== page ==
These words, screamed by a daughter being told she will never be able to see or touch her Covid-positive mother again, echo all too frequently along the corridors of the hospital where I work. Across the country, the same scene is playing out in hundreds of health care centers.
Strict visitor restriction policies are designed to protect hospital staff, patients, family members and the community from further spread of coronavirus. But these policies come at a cost. Now, we have data to question whether that cost is worth it.
Visitor restrictions have immense impact on patient and family well-being and mental health, patient choices for medical care, and patient safety. I have seen patient families try to enter Covid-19 positive rooms, requiring staff to determine a way to keep these family members safe while trying to avoid escalating their distress by involving security.
I have also cared for multiple Covid-positive patients who have chosen to forgo life-sustaining care — a choice may not have otherwise made — as this was their only option to be physically present with all their loved ones before they died. For many Covid-positive patients and their families, being physically present with one another far outweighs the risk of spreading Covid-19 to family members, a risk which can be minimized with recommended precautions.
Although some hospitals allow visitor exemptions for patients at the end of life, the number of family members who are allowed to visit is often significantly restricted. It’s gut wrenching each time I have to inform children, parents and other family members that they will never again be able to see their loved one again in person.

While these policies were designed to protect health care workers, patients and visiting family members from developing Covid-19 — a valid and important concern — there is data to suggest that these strict restrictions may not be the right way to go about this.

With aggressive screening measures, health care workers and patients can be protected from visitors potentially spreading the virus. For example, hospitals can evaluate visitors for symptoms of Covid-19, and require a negative PCR test within 5 days of the visit and a negative same-day rapid Covid-19 test before seeing their loved one. Covid-19 tests are free and widely available and between the two negative results, there can be a high degree of certainty that the visitor is not infected with Covid-19.
Of course, protecting hospital visitors from Covid-19 is an imperative — and it appears to be possible. A recent JAMA Internal Medicine study found that health care workers who are supplied with adequate personal protective equipment have significantly lower rates of Covid-19 than the general public. This suggests that if family visitors are provided adequate personal protective equipment, they will be largely protected from Covid-19 while visiting their relative. Although there is concern personal protective equipment may again fall short due to lower than planned inventory at the Strategic National Stockpile, there are hospitals that have adequate personal protective equipment.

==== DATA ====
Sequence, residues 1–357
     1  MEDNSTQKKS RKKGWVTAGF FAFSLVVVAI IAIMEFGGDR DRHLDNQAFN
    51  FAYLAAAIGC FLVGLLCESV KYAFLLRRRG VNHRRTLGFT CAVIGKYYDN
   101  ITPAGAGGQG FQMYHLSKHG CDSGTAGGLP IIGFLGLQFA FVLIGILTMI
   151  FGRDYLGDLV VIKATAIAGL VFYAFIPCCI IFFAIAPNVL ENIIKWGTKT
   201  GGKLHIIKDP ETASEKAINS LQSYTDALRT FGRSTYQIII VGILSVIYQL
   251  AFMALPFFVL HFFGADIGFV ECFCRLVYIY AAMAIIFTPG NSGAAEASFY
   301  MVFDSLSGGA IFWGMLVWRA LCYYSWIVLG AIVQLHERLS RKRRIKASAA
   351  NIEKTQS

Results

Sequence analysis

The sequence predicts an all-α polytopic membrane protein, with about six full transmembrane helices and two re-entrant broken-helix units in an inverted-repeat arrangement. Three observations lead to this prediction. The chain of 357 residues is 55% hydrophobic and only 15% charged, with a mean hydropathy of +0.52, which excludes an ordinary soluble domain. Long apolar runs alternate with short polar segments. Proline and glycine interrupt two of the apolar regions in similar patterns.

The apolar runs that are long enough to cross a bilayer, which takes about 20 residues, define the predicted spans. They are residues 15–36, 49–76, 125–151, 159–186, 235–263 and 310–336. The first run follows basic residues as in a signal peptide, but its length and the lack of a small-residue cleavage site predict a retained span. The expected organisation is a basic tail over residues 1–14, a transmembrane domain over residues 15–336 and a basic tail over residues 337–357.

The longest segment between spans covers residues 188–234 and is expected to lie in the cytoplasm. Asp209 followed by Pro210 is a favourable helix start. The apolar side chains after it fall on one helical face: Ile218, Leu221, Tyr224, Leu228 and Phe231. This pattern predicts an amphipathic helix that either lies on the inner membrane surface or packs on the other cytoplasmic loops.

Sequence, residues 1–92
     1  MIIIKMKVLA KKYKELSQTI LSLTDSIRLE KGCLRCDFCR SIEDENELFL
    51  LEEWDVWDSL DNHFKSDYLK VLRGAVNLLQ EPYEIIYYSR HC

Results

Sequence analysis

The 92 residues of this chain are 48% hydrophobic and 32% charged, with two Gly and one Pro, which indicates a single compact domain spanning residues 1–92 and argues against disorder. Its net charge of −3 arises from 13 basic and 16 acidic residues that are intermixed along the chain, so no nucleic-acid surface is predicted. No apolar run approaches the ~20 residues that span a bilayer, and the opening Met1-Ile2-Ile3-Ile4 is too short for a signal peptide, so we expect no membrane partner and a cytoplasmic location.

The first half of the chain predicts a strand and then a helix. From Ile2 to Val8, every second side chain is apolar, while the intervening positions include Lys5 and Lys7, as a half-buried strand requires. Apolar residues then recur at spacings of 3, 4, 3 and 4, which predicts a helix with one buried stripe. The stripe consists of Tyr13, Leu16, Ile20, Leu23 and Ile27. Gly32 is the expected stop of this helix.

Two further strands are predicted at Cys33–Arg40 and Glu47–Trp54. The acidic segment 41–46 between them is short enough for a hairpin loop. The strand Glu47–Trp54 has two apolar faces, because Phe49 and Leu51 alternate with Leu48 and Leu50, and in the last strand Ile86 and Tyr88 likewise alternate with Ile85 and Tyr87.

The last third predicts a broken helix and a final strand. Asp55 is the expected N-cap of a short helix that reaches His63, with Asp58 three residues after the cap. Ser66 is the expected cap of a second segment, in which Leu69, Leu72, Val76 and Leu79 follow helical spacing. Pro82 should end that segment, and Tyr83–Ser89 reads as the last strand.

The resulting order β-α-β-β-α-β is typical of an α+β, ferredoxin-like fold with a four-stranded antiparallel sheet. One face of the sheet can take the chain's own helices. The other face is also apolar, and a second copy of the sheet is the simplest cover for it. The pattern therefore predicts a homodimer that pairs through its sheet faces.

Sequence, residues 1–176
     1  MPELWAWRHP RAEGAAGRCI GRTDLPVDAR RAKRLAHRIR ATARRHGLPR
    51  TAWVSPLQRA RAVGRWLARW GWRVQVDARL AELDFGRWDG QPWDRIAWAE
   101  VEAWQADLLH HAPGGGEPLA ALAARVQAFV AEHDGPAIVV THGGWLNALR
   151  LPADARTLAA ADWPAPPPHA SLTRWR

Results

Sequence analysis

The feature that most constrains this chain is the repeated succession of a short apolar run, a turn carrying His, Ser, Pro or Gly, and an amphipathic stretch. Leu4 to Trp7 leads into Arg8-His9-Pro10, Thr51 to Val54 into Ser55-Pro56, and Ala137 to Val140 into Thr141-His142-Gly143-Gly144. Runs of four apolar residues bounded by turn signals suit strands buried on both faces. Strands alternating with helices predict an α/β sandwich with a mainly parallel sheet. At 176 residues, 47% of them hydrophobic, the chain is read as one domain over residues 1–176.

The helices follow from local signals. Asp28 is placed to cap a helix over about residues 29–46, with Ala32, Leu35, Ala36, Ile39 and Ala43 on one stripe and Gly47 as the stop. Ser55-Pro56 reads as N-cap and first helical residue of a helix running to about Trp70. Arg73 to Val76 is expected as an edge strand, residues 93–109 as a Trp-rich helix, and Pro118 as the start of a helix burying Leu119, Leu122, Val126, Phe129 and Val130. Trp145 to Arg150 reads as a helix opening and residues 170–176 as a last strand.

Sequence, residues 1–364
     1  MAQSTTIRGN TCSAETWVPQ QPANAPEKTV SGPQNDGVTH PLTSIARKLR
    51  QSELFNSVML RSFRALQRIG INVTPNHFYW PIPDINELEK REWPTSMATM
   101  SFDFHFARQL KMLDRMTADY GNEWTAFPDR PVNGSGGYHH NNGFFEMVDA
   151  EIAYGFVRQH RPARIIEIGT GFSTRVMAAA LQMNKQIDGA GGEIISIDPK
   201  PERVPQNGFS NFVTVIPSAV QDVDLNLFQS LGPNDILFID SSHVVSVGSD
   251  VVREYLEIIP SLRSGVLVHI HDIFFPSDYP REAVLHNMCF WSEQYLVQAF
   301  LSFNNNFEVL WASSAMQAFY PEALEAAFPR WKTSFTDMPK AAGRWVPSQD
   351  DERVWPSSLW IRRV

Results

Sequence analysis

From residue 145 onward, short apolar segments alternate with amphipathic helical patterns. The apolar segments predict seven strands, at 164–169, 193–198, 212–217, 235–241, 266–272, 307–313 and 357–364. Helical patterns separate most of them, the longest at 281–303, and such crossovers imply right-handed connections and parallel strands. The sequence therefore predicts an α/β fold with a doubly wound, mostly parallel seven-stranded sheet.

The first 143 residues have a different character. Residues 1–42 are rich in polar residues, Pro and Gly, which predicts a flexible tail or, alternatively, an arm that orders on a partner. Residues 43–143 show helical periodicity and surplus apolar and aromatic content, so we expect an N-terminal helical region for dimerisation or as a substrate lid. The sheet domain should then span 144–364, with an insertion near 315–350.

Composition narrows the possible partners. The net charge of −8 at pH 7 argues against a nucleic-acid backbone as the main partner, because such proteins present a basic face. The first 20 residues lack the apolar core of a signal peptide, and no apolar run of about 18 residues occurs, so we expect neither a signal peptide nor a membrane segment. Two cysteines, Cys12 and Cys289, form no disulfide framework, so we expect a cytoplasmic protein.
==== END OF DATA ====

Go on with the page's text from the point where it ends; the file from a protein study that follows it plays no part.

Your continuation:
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Restrictive visitor policies come at a tremendous cost, both personally and clinically. Many studies have reported positive outcomes when families are involved in patient care, including increased perceptions of patient-centered care, quality of communication, patient safety, and even contributing to improving patient mortality. By denying access to patients, we are also denying them access to these potential benefits.

Hospitals should reevaluate their visitor restrictions and protocols for Covid-19 patients. Even if there were a higher risk of transmission if family members are allowed to visit their loved ones, many health care workers may be willing to take that risk to benefit the patient and family’s health and well-being. And although increasing visitor access to patients may have potential societal risks of further spread of Covid-19, this risk can be minimized through the same mechanisms put in place to protect patients and their loved ones.

If strict visitor restrictions remain, hospitals should at least increase access to communication by video and telephone among patients, families, and medical teams. This responsibility should not fall primarily on bedside nurses, who already are stretched thin caring for patients. Selfless nurses have organized video meetings and spent increased time in Covid-19 positive rooms holding the video device so the family can see the patient, but the toll of these actions is immense. The faces of exhausted nurses crying following these video visits will be imprinted in my mind long after the pandemic is over.

Instead, hospitals should create the role of a telehealth advocate to arrange meetings and teach family members how to use video devices. I recently worked on a study that found video visits are used to connect families with critically ill patients only about one-tenth of the time. This must be improved. Hospitals can purchase video devices to allow family members without access to this technology to connect with their loved one. No one should be denied the chance to see their loved one because of their inability to pay for a device.

Visitor restriction policies for hospitalized patients were made with good intentions to protect patients and staff. But they may be more restrictive than needed. As we obtain more information about what precautionary measures work, hospitals should continue to reevaluate their strict visitor policies. And even as they are doing that, all hospitals can enhance patient care and ameliorate the emotional trauma caused by Covid-19 by taking simple steps to improve communication amongst patients, families and health care clinicians.



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